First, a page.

News and views
US equity investors returned from their long-weekend in a buoyant mood, gapping the S&P500 1.3% higher. Supportive was the NY Fed factory survey (the first of the sentiment readings for the US manufacturing sector each month) which reported a jump in business conditions, and Barclays earnings surprise, helping boost US financials 2.1% higher. Commodities were strong, which was attributed to US dollar strength, oil +3.6%, copper +4.0%, silver 3.9%, gold +1.4%, and wheat +3.8%. US 10yr notes were initially weaker, gaining 3bp on the better risk sentiment, but the past hour’s rebound sees them 2bp lower on the day. Foreign demand for US long term securities rose in December, reflecting a gradual normalisation of market activity. That report also said Japan’s holdings of US treasuries rose to the largest for any foreigner, while China’s dipped. Fitch raised Jamaica’s credit rating to B-, citing IMF assistance.
The US dollar (index) fell 0.9% to 79.68 amid the improved sentiment towards risk. EUR consolidated for much of the session around 1.3650 before jumping to 1.3775 in NY. GBP failed to fire after a bullish CPI release, but followed EUR higher in NY to 1.5793. The yen underperformed the dollar on reduced safe-haven needs, USD/JPY rising from 89.70 to 90.50 before slipping back to 90.10 in NY.
AUD rose from its Sydney close around 0.8950 to 0.9025, additional support coming from influential journalist Terry McCrann’s opinion the RBA would hike by 25bp in March, and another 100-200bp this year.
NZD followed AUD higher to 0.7080. AUD/NZD nudged higher to 1.2780.
US NY Fed index jumps 10 pts to 24.9 in Feb, its second highest reading since late 2007, but the orders and shipments activity readings were both softer, and the jobs index was only modestly stronger. In other words NY factory bosses’ assessment of overall business conditions is more up-beat than what those same bosses are reporting about their own firms. One interesting detail was a sharp jump in the inventories reading. There may be a seasonality issue at play but on the face of it, this is another piece of evidence supporting the view that the industrial sector is benefitting from renewed stock-building.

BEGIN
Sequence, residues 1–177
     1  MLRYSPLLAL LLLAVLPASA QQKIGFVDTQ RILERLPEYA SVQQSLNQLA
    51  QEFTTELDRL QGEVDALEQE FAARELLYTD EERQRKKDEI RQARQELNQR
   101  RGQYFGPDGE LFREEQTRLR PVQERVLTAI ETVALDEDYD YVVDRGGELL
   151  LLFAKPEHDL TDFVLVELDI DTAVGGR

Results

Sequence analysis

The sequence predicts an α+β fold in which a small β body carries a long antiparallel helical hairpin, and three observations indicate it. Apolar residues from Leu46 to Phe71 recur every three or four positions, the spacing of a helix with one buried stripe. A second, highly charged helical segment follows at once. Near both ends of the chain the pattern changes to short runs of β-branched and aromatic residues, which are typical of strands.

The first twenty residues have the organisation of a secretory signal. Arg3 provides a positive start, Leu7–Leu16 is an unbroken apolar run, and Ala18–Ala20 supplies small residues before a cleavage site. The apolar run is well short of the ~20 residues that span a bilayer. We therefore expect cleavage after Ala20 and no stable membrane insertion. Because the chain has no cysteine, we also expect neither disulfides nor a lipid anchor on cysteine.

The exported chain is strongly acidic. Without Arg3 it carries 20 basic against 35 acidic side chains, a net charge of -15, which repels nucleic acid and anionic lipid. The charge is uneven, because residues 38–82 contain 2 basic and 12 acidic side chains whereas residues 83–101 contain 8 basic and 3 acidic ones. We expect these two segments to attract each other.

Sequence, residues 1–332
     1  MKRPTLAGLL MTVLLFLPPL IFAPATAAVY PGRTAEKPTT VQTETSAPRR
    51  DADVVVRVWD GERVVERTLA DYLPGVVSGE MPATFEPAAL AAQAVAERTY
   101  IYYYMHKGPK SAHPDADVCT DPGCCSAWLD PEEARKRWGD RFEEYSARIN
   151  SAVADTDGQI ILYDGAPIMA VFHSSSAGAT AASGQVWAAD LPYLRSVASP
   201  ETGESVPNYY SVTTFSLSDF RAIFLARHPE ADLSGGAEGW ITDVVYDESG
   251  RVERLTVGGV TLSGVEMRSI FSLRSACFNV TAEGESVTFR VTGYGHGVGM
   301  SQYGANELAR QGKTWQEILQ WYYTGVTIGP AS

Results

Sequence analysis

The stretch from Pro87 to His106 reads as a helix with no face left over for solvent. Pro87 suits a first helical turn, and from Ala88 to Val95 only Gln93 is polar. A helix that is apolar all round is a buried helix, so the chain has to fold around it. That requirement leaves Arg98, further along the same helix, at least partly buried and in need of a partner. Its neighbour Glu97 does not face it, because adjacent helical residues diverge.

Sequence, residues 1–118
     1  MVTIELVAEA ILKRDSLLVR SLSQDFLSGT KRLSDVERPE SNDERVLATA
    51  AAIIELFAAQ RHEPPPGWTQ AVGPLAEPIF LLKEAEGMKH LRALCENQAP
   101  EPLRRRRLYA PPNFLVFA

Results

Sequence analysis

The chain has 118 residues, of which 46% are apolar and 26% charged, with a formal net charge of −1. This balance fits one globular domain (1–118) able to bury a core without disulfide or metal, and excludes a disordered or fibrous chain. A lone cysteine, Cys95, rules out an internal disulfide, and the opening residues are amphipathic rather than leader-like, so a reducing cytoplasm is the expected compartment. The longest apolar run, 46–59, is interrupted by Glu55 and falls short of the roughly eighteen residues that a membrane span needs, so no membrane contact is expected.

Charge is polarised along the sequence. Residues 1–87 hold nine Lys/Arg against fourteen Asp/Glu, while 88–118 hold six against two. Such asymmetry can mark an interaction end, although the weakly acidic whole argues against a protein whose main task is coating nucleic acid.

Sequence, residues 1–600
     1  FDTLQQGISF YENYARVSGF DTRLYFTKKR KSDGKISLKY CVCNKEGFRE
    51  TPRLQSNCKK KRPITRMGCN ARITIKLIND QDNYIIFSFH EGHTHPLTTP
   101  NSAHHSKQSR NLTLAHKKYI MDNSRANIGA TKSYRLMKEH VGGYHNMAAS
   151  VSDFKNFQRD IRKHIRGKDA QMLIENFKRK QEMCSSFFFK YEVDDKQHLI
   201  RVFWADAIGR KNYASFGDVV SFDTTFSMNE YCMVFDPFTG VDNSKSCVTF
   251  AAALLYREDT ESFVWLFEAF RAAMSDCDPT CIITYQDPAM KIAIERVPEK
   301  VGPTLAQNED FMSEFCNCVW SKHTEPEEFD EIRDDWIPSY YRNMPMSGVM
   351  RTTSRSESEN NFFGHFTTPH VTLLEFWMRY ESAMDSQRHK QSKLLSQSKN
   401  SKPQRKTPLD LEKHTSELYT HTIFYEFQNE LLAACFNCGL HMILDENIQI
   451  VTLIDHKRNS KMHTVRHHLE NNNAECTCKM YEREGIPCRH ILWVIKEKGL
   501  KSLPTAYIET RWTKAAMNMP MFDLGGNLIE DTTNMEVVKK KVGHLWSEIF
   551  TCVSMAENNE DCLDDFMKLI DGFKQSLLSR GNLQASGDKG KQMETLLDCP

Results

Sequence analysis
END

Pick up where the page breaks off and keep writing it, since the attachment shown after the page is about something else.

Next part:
US TIC data show $63.3bn net long term inflow in Dec. That represents still strong demand for US financial assets, despite some official sales (including from China).
US NAHB homebuilders’ sentiment rose from 15 to 17 in February. The extension of the first home buyers’ tax credit until April will have helped, but the market for new homes remains weighed down by oversupply and rising foreclosures.
German ZEW headline expectations index posted its fifth consecutive month of slippage in Feb. It fell from 47.2 to 45.1, consistent with the news that Q3’s GDP growth pace (0.7% in Germany; 0.4% in Euroland) was not sustainable in Q4 and raising doubts about Q1. That said, the current measure posted a further gain, but at around –55 it is still indicative of weak economic circumstances (i.e. it is in the bottom quartile of the -100 to +100 survey range over the past two decades).
UK CPI jumped to 3.5% yr in Jan, reflecting last month’s re-imposition of the 17.5% VAT rate, after thirteen months at 15.0%. On top of the VAT effect, late 2008’s energy price drops have also fallen out of the annual rate. BoE Governor King has made it clear on several occasions that policy-makers will look through the current inflation spike when setting policy, including in today’s open letter to the Chancellor, which he is required to write when inflation deviates from the 2% target by 1 ppt or more. In the letter he noted that inflation at 3.5% was a “temporary deviation” and that underlying pressures were “to the downside”.
AUD/USD and NZD/USD outlook next 24 hours: AUD broke above 0.8900 resistance with conviction and 0.8920 becomes support for today. NZD broke above 0.7000 cleanly, and now has support at 0.7020.